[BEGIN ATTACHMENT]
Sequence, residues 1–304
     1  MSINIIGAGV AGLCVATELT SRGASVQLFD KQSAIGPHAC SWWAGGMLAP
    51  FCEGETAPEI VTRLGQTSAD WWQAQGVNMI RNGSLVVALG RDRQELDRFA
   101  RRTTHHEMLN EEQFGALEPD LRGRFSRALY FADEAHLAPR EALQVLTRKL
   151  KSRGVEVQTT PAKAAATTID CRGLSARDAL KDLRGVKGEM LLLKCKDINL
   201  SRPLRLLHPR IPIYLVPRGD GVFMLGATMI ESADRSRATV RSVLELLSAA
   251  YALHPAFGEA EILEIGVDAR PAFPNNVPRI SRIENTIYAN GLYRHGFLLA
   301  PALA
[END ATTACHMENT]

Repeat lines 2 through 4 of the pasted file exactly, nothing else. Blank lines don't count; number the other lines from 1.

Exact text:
     1  MSINIIGAGV AGLCVATELT SRGASVQLFD KQSAIGPHAC SWWAGGMLAP
    51  FCEGETAPEI VTRLGQTSAD WWQAQGVNMI RNGSLVVALG RDRQELDRFA
   101  RRTTHHEMLN EEQFGALEPD LRGRFSRALY FADEAHLAPR EALQVLTRKL